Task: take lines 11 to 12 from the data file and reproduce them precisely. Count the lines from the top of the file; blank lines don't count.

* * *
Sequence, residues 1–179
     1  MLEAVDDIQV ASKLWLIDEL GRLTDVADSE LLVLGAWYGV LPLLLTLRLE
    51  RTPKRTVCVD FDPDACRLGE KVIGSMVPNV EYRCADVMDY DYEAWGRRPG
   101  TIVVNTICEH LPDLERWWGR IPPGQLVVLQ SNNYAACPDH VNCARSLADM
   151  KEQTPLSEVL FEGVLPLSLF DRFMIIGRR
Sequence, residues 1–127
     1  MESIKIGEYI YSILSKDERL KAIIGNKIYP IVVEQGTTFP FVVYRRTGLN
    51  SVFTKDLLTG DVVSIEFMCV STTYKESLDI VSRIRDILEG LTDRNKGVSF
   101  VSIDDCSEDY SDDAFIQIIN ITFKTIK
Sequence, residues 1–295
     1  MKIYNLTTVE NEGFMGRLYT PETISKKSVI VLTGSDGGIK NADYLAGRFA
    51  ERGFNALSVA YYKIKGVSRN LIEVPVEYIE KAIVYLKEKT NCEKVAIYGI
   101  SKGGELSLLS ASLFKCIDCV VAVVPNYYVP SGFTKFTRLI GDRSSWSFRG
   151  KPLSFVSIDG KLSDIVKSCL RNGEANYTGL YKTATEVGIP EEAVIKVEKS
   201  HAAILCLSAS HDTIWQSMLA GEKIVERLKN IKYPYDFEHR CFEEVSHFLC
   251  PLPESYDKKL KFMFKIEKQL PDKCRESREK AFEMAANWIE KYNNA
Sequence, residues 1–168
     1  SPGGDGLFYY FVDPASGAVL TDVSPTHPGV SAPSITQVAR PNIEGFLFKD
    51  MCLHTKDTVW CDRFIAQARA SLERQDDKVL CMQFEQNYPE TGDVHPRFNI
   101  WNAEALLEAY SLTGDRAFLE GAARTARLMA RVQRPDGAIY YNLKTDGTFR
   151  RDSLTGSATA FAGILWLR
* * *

     1  MKIYNLTTVE NEGFMGRLYT PETISKKSVI VLTGSDGGIK NADYLAGRFA
    51  ERGFNALSVA YYKIKGVSRN LIEVPVEYIE KAIVYLKEKT NCEKVAIYGI